If you're a standalone Warzone player, you'll have to download a 22GB to 30GB installation.

And Activision says this update – once completed – will reduce the overall size of Warzone on your machine.

But anyone with the full-fat Modern Warfare will have even more storage space occupied on their devices.

In other news, KFC recently unveiled a "4K gaming console" with a built-in "chicken chamber".

Here are the best PS5 price and release date predictions.

And here's the full list of 25 PS5 games revealed during last week's Sony 'The Future of Gaming' event.

We pay for your stories! Do you have a story for The Sun Online Tech & Science team? Email us at [email protected]

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World News

Beware of these important red flags in home inspections

Real estate watcher: Seeing ‘boom’ in single-family homes

Compass Vice President Mike Aubrey argues even before the coronavirus outbreak, many families were moving out of cities and into the suburbs.

Whether it's a $300,000 condo or a $4,000,000 home, stuff happens. If you're buying a piece of real estate, reserve a 10- to 20-day contingency period to do your due diligence, which includes a thorough physical inspection, termite inspection, sewer line inspection, chimney inspection and mold inspection. Even though the fees you will pay to complete all these inspections can come to $1,000 or more, it is well worth it in the long run!

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If the news you receive after an inspection is really bad and you are still within your contingency period, you can abandon your purchase completely and receive your full deposit back.


If you choose to move forward with your purchase, you can negotiate repairs with the seller, although the seller is not obligated to say OK to all, or even any, of your requests.

If the deal falls apart, however, the seller is obligated by the laws of disclosure to disclose the content of your inspection to subsequent buyers and forward the inspection reports upon request.

Particularly in today's robust market, you'll usually hear the seller say, "It's an old house, and it's being sold as is." I often hear buyers say, "We're paying top dollar, and we should not have to pay for deferred maintenance and urgent repairs."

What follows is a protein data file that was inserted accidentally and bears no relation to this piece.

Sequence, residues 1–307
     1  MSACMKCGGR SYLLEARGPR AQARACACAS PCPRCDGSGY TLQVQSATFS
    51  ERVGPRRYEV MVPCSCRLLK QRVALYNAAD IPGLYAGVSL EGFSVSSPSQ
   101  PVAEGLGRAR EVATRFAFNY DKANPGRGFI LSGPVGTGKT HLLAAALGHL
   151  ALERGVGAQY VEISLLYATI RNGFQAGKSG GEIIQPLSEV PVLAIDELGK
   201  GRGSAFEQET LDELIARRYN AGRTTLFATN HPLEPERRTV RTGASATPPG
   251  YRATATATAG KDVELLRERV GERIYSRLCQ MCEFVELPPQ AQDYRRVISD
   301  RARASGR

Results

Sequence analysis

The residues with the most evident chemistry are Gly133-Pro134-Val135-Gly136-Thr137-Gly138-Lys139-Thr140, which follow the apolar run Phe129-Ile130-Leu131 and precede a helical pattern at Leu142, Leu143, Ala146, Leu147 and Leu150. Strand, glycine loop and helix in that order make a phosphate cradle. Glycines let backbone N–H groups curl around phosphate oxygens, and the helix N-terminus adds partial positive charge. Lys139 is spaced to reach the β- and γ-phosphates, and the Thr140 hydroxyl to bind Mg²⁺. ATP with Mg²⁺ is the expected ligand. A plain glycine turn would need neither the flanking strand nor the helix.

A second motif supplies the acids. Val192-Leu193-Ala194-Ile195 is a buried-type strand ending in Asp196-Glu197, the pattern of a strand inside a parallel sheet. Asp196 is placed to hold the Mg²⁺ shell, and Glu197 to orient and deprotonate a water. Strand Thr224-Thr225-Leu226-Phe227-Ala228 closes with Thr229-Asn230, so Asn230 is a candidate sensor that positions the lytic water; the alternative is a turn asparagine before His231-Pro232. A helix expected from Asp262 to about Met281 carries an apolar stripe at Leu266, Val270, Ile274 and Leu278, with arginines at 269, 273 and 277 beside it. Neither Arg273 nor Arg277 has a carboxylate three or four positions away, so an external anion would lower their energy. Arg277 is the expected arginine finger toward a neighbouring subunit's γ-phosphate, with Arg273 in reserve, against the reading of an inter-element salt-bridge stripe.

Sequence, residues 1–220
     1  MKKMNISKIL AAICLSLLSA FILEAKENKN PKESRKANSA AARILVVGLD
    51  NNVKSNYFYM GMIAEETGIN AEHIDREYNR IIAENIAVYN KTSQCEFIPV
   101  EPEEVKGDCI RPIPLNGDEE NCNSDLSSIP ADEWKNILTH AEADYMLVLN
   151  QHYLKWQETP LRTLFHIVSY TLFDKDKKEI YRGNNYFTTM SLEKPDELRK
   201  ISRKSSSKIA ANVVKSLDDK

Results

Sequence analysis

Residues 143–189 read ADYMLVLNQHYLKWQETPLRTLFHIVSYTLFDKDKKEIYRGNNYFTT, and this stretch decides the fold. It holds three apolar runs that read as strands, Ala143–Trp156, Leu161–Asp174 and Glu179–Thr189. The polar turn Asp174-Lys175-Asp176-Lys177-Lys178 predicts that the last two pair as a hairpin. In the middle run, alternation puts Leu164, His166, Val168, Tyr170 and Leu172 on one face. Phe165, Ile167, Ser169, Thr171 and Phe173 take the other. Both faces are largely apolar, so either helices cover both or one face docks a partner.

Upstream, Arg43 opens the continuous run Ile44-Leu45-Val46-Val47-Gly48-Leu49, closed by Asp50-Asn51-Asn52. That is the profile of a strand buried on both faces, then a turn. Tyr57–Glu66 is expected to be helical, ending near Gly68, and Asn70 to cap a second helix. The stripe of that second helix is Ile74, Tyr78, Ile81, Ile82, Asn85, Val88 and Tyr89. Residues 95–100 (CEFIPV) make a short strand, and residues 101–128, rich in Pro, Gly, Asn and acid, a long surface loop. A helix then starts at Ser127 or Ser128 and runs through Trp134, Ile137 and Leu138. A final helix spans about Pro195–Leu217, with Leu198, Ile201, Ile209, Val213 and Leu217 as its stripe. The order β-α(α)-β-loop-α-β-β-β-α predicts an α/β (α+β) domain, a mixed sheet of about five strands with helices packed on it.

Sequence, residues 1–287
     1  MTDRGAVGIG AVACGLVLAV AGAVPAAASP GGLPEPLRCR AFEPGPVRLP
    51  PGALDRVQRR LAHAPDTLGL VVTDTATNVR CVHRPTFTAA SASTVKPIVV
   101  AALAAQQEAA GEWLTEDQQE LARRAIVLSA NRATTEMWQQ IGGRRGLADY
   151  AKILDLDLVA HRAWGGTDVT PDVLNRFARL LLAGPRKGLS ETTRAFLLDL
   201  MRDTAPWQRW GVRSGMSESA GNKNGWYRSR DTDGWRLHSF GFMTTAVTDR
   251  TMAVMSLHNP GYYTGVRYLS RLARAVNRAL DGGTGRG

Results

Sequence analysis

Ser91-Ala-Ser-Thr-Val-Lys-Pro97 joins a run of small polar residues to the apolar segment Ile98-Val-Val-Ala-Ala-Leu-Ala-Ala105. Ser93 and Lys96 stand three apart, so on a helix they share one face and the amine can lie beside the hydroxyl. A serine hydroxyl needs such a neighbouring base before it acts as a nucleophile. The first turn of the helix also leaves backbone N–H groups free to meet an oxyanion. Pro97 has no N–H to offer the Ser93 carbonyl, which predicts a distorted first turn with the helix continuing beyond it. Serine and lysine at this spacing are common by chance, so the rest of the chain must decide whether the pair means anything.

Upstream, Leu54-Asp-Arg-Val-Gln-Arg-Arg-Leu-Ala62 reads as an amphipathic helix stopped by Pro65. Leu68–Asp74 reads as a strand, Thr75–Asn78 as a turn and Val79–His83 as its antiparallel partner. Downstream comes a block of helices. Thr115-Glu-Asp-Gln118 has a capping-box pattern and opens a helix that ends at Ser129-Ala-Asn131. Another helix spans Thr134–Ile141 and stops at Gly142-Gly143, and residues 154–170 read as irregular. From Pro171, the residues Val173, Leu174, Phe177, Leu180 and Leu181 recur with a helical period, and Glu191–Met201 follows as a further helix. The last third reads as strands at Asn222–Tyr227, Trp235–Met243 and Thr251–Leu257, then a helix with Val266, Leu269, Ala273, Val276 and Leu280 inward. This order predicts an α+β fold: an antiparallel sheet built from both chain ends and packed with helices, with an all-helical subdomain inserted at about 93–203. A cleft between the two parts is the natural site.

If the news you receive after an inspection is really bad and you are still within your contingency period, you can abandon your purchase completely and receive your full deposit back.

The question then becomes "What is a code violation, a health and safety hazard or an urgently needed repair versus a cosmetic need, a typical aging system still in operative condition or a complete upgrade of no urgency?"

For this you need a trained eye to read and understand your inspection reports. A good realtor will walk you through the process and help identify the most significant issues, prioritizing issues from urgent to not so significant or urgent.


If you are without the assistance of a trained realtor or adviser, look first at mold, water intrusion and drainage issues, as these are the most difficult to remedy and the most expensive to fix.

Water intrusion can affect foundations, walls and structure, leading to health issues and impacting resale and future property value.

Next, look for dry rot in the roof, roof eaves, windows, subfloor and door jams, all of which would be noted in your termite inspection.

Also, take serious note of your sewer inspection and chimney inspections. Depending on where your sewer ties into the city lines, a sewer replacement could cost $10,000 to $25,000, most often closer to $12,000.

Correcting poor drainage involves diverting water away from the foundation, which might necessitate French drains and additional rain gutters. These costs totally depend on how many drains are needed and where they would tie into the city disposal. Costs might range from $8,000 to $25,000.

A cracked chimney that is deemed a fire hazard will need to be replaced from the break, usually at costs averaging $10,000, more likely $15,000 in a two-story home.

Hillside properties are another animal completely. They require the opinion and guidance of a qualified geologist, and perhaps even a structural engineer and a civil engineer. This is serious stuff, so do not cut corners by going to someone inexperienced.